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Flooding of Nebraska Air Force Base Illustrates Security Risk Posed by Climate Change

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Flooding of Nebraska Air Force Base Illustrates Security Risk Posed by Climate Change
Offutt Air Force Base after flooding on March 17. U.S. Air Force / TSgt. Rachelle Blake

The historic flooding that devastated Nebraska last week has also submerged one third of an Air Force base, offering a further illustration of the threat posed to national security by climate change.


Flooding at Offutt Air Force Base forced the evacuation of eight planes, including one of four Boeing-made E4-B planes that are supposed to act as an aerial command center if ground bases are destroyed in an emergency like a nuclear attack, Reuters reported. Waters inundated 30 buildings at the base.

"It is extremely clear that we face a grand challenge," Colonel Michael Manion, 55th Wing Commander said in a Facebook post reported by The Verge.

Offutt Base also houses Strategic Command, which is in charge of the nation's nuclear weapons, but its headquarters was on a hill and not impacted by the floods.

The incident comes as the Trump administration is considering forming a panel on whether or not climate change poses a national security risk, which would be headed by staunch climate denier William Happer. The Pentagon already found that climate change posed a threat to military bases in January, and former military and intelligence leaders have written to President Donald Trump urging him not to challenge those findings.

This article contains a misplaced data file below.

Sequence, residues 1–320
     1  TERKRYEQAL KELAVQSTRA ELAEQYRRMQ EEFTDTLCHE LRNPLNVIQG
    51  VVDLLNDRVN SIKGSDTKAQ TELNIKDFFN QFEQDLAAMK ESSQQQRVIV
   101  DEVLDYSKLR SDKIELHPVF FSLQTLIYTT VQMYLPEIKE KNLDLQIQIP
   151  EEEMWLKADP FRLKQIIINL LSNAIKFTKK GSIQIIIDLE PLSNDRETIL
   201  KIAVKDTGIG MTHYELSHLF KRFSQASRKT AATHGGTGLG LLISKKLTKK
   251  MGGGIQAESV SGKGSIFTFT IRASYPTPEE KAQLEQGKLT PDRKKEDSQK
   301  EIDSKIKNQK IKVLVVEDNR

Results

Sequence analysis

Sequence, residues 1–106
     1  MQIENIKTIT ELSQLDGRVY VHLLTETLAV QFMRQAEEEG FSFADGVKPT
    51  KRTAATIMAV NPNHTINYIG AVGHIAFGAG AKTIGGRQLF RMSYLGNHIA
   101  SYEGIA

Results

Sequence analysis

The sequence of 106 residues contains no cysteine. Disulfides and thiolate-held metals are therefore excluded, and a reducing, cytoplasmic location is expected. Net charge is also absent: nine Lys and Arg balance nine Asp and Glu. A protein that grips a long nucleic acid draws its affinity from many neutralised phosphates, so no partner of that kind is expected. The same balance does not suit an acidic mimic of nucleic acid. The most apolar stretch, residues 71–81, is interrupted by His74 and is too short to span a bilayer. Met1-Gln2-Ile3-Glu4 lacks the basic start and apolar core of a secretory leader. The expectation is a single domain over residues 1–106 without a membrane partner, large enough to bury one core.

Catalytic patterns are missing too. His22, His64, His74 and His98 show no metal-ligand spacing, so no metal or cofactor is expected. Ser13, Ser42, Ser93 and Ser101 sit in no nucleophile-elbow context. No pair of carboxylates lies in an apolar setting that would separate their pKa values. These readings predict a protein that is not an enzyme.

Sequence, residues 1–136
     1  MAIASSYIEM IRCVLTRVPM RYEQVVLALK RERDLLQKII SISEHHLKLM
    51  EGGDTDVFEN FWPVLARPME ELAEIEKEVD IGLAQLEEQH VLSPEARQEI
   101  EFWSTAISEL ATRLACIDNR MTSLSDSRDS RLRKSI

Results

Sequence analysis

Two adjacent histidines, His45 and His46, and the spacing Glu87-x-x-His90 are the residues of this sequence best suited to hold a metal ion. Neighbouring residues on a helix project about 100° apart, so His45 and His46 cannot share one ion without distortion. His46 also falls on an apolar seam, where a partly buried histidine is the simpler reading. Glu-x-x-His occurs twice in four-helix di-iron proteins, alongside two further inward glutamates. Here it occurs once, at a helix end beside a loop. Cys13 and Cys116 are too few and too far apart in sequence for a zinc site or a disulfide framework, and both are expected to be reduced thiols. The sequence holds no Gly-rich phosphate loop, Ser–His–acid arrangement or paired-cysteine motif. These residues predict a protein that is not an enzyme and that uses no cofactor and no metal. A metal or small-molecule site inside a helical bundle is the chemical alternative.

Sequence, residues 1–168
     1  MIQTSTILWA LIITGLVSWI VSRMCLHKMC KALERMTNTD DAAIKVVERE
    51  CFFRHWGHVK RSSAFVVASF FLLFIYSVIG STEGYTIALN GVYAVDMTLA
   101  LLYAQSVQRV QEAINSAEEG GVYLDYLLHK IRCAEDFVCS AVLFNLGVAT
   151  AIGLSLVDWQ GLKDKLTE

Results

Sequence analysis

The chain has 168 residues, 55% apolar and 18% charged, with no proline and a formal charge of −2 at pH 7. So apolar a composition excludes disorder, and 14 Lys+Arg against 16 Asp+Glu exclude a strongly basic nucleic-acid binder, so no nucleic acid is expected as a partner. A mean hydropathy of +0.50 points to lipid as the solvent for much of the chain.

The flooding at Offutt base has prompted further criticisms of Trump's denialism.

"This is an example of a vital threat to our national security from a climate-related disaster, and more of this kind of thing is likely in the future," Center for Climate and Security co-founder Francesco Femia told Reuters, saying the incident showed why Trump should not interfere with military assessments of climate risk.

The Pentagon report released in January did not list flooding as a potential climate risk to Offutt Base. Instead, the report said the base was most likely to be impacted by drought, The Washington Post reported.

Despite this, climate change does make flooding events like the one that swamped the base more likely, as The Washington Post explained:

Warmer temperatures mean more evaporation from soil and more droughts. That moisture, though, goes into the air, which can hold more water as it warms. That leads to bigger, more powerful storms with more precipitation — including in snowstorms. Since 1958, the percentage of days each year in which precipitation has met or exceeded the 99th percentile increased by 29 percent in the Dakotas, Montana, Wyoming and Nebraska.

The Nebraska flooding isn't the only extreme weather event to impact military installations in recent years, The Verge pointed out. Last year, Marine Corps Base Camp Lejeune in North Carolina was damaged by Hurricane Florence and Hurricane Michael caused billions of dollars in damage to Tyndall Air Force Base in the Florida panhandle.

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